An arc welding safety device comprising an automatic gas detector 22 provides automatic safety controls for use with the arc welding machine 10. The gas detector 22 includes an automatic battery operated gas monitor 24 located upwind of the arc welding machine 10 and a coupling circuit 25 having a signal cable 26 with a relay 28 mounted therein. The coupling circuit 25 is connected between outputs 30 and 32 of a gas monitor alarm output circuit 34 forming part of the gas monitor. A circuit interrupter 35 in the control circuit 36 is mounted within the housing 20.
When output circuit 34 is energized a current is applied to a coil 38 in the relay 28 within the signal cable 26 to cause normally closed gas monitor contacts 40 to open.
One of the contacts 40 is connected via a line conductor 42 in the signal cable 26 through a fuse 44 of the control circuitry 36 in the housing 20 to one end of a secondary coil 46 of a control power transformer 48 forming part of the control circuit 36 and mounted within the housing 20. The other end of the coil 46 is connected to ground 49 and to one end of a contactor coil 50 of the circuit interrupter 35, the other end of which is connected to the other contact of the contacts 40.
The contactor coil 50 of the circuit interrupter 35 has an armature 52 which, when the coil 50 is energized, will close three sets of contacts 54, 56 and 58 located, respectively, in each of the power supply lines 14, 16 and 18 passing through the housing 20. Then, when the coil 50 is de-energized upon opening of the relay contacts 40, the armature 52 will be caused to move in a direction to open circuit the contacts 54, 56 and 58.
The control circuit 36 further includes a primary winding 60 of the power transformer 48. The primary winding 60 is connected at one end through a fuse 62 to the power supply line 14 and at the other end through a fuse 64 to the power supply line 16.
In use, when there is no gas in the area of the arc welding machine 10 the relay contacts 54, 56 and 58 are closed so that the supply of energy from the power source 12 to the arc welding machine 10 is uninterrupted. At the same time, a small amount of current is supplied from the power lines 14 and 16 through the primary winding 60 of the control power transformer 48 to energize the secondary winding 46 which supplies a current through both the fuse 44 and the relay contacts 40 via the contactor coil 50 within the housing 20 and causes the armature 52 to maintain the relay contacts 54, 56 and 58 in a closed position.
The battery operated gas monitor 24 operates independently of the power source 12 and of any other A.C. power source. When a combustible gas is sensed by the gas monitor 24, a voltage is established across the outputs 30 and 32 to supply a current through the relay coil 38 which causes opening of the normally closed gas monitor contacts 40. When this occurs, the relay coil 50 of the circuit interrupter 35 is de-energized so as to cause the armature 52 to move in a direction to open the relay contacts 54, 56 and 58 in order to open the circuit and interrupt the supply of power from the power lines 14, 16 and 18 to the arc welding machine 10.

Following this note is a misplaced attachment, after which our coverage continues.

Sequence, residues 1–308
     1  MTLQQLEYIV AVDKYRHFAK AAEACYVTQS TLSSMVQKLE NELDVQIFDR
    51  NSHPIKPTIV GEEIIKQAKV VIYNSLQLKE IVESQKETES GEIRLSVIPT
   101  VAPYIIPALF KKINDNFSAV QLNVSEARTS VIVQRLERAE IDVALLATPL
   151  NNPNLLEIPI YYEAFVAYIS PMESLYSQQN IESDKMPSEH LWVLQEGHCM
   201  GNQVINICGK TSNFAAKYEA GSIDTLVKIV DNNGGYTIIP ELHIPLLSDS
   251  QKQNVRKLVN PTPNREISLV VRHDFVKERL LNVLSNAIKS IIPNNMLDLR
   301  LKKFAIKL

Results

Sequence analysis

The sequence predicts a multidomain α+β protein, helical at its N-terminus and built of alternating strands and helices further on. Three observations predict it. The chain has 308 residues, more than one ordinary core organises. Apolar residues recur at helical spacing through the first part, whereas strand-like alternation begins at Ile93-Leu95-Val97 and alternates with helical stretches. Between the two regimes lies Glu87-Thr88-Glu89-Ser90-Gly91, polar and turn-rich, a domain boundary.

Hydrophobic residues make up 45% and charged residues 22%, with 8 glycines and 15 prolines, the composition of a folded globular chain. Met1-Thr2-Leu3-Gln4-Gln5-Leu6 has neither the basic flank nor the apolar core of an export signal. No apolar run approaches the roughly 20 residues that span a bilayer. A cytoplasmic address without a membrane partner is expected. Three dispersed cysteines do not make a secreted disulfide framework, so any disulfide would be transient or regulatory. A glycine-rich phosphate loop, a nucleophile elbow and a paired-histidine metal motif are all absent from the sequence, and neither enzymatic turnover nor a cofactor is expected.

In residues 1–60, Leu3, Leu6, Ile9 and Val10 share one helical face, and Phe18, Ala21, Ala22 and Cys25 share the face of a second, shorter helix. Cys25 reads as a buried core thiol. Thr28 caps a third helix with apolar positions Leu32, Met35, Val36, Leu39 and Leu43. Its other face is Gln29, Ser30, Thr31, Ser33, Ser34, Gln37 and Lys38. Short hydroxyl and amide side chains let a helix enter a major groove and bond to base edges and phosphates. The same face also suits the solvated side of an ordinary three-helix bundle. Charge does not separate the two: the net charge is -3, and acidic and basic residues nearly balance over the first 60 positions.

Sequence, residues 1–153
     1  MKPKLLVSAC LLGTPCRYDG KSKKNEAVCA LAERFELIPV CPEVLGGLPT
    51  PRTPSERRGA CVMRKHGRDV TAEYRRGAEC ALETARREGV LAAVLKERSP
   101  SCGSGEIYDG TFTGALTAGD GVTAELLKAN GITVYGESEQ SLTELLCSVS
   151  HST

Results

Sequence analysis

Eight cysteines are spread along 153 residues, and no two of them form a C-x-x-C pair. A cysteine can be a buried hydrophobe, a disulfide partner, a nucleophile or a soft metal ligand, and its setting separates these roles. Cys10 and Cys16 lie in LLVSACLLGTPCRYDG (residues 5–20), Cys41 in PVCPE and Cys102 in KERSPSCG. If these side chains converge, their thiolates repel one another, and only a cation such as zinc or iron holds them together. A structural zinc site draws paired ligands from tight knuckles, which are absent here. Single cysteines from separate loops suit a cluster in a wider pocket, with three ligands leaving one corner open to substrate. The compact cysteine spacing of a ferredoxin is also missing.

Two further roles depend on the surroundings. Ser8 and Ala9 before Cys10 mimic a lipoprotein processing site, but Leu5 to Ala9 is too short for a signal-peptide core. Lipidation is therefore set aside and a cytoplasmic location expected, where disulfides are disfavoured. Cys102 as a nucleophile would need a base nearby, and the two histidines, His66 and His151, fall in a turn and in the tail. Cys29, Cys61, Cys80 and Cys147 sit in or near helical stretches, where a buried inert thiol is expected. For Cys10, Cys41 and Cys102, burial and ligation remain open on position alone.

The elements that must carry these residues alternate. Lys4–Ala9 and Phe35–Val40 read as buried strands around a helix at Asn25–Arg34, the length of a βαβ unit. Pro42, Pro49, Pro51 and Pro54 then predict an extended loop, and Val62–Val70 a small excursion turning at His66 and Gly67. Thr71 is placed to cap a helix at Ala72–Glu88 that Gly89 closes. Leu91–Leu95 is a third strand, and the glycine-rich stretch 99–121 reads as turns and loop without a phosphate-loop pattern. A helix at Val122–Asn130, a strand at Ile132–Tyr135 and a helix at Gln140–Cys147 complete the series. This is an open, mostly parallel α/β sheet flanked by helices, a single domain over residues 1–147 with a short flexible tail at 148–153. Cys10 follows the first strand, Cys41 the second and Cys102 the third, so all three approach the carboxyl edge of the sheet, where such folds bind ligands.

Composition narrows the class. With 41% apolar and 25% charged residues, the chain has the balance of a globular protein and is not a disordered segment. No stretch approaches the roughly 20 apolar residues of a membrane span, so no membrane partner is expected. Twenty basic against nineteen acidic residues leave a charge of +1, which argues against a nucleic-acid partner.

With the automatic gas detector 22 of the present invention, a weldor does not have to be aware of a visual or audio alarm indicating the presence of a dangerous level of combustible gas. Instead, the automatic gas detector 22 automatically de-energizes the arc welding machine 10 to prevent any explosion. This is important, since the noise from arc welding as well as the distractions and noise from operating machinery and refinery equipment, as well as from other personnel, often prevents the welder from hearing or seeing an alarm. The welding hood has a dark lens which, together with the bright light from the arc, typically prevents the welder from seeing a visual alarm.
From the foregoing description, it will be apparent that the automatic gas detector of the present invention has a number of advantages, some of which have been described above and others of which are inherent in the invention.
Also, it will be understood that modifications can be made to the automatic gas detector of the present invention without departing from the teachings of the invention.
Accordingly, the scope of the invention is only to be limited as necessitated by the accompanying claims.
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|U.S. Classification||219/130.21, 219/136|
|International Classification||B23K9/10, G08B17/117|
|Cooperative Classification||B23K9/10, B23K37/006, G08B17/117|
|European Classification||G08B17/117, B23K9/10, B23K37/00S|
|Jun 16, 1986||AS||Assignment|
Owner name: AMOCO CORPORATION, CHICAGO, IL., A CORP. OF IN.
Free format text: ASSIGNMENT OF ASSIGNORS INTEREST.;ASSIGNORS:WEBER, BRUCE W.;GUSTAFSON, CAROLL E.;REEL/FRAME:004712/0194
Effective date: 19860430
|Jun 26, 1990||CC||Certificate of correction|
|Jan 13, 1992||FPAY||Fee payment|
Year of fee payment: 4
|Apr 9, 1996||REMI||Maintenance fee reminder mailed|
|Sep 1, 1996||LAPS||Lapse for failure to pay maintenance fees|
|Nov 12, 1996||FP||Expired due to failure to pay maintenance fee|
Effective date: 19960904